Art nouveau is definitely a characteristic of Riga and it impresses everyone who loves the history of art and architecture as well as those who simply enjoy seeing beautiful buildings. One of my own favorite sub-styles of Art nouveau is Latvian National romanticism. The buildings of national romanticism are not as decorative as Art Nouveau buildings, like you can find on Alberta street, but they have a Nordic depth and thoroughness that can be seen in both the buildings robust shape and rough texture.
My favorite example is the Atis Ķēniņš school building (now – Riga 40th High School) on 15/17 Tērbatas street built in 1905 by architect Eižens Laube (together with K.Pēkšēns). It is one of the symbols of early 20th century architecture in Riga, named by a poet, lawyer and educator Atis Ķēniņš.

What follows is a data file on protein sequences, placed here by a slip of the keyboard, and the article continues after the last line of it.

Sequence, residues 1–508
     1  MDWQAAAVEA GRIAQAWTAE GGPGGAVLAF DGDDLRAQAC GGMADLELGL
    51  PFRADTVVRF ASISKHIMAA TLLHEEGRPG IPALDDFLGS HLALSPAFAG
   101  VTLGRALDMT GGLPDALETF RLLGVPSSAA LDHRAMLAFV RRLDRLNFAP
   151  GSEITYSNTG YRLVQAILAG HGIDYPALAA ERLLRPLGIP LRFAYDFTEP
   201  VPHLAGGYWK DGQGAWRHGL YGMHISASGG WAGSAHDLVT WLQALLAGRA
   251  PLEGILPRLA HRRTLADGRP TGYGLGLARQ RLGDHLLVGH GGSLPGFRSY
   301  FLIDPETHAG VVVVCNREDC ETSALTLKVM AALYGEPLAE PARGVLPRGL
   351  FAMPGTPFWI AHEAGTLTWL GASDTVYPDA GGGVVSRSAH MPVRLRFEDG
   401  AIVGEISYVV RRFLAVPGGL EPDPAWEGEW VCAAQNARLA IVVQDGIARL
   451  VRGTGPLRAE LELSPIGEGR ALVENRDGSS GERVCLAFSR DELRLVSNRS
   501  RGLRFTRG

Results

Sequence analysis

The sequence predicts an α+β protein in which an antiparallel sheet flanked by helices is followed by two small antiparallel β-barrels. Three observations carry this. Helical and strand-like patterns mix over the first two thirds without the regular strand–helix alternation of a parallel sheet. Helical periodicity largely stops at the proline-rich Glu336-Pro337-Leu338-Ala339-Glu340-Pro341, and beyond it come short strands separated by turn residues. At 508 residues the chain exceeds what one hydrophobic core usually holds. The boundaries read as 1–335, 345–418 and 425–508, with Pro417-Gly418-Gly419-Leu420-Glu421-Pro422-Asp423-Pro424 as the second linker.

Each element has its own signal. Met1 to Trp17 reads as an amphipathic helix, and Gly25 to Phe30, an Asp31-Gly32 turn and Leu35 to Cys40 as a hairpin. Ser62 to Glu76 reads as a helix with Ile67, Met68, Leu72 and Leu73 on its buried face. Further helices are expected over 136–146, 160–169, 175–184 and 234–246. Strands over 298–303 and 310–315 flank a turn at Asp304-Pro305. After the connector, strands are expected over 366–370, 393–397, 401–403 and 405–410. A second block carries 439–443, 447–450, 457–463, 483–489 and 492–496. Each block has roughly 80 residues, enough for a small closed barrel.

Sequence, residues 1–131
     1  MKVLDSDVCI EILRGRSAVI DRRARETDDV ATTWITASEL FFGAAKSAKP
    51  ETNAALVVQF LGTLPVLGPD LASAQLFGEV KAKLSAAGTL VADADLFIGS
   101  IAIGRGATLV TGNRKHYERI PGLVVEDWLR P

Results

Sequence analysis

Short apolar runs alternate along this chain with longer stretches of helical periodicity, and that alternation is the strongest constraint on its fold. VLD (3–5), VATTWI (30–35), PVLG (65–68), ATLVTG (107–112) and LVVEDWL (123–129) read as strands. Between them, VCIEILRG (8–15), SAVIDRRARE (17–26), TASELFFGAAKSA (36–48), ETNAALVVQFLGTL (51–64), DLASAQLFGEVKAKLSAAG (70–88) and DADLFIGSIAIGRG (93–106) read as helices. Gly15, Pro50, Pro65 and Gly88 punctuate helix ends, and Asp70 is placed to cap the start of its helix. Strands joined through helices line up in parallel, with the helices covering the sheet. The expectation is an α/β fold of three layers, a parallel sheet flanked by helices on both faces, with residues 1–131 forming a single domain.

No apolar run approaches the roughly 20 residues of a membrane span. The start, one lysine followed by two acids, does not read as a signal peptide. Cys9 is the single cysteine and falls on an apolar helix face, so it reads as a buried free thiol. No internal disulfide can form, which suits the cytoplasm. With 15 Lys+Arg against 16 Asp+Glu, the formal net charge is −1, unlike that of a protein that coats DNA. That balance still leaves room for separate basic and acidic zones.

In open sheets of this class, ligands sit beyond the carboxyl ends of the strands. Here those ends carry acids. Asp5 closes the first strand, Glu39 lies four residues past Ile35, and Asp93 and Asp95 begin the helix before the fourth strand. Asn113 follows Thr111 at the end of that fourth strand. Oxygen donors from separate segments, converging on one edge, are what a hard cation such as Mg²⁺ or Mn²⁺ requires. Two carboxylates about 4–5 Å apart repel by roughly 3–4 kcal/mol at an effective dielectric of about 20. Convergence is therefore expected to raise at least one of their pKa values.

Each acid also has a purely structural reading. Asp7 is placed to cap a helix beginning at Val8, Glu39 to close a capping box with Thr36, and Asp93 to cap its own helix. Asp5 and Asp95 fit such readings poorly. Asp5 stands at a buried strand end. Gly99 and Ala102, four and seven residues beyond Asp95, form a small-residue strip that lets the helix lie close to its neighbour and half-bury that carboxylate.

The building has an unusual cave-like central entrance, expressive facade and characteristic shape of the window frames. What is interesting – the travertine facade decoration is made from rock fragments collected at the famous cliff Staburags that was later sunk during the building of Pļaviņu hydroelectric power station and has now been under water for decades.
Renovated only some years ago, the building perfectly fits the general urban landscape of the city. As I often walk by this building it always reminds of the fundamentality and solidity that the early 20th century architecture in Latvia expressed.